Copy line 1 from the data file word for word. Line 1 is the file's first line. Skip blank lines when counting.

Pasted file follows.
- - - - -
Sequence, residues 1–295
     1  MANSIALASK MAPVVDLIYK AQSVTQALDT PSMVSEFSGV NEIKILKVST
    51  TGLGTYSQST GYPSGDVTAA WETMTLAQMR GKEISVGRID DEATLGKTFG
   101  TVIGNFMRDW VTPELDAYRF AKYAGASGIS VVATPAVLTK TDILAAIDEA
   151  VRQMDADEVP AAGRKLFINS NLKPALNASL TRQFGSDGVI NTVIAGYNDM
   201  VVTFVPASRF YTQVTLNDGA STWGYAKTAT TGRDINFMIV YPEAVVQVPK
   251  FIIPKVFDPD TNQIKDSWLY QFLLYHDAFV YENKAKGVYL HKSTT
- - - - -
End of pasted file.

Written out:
Sequence, residues 1–295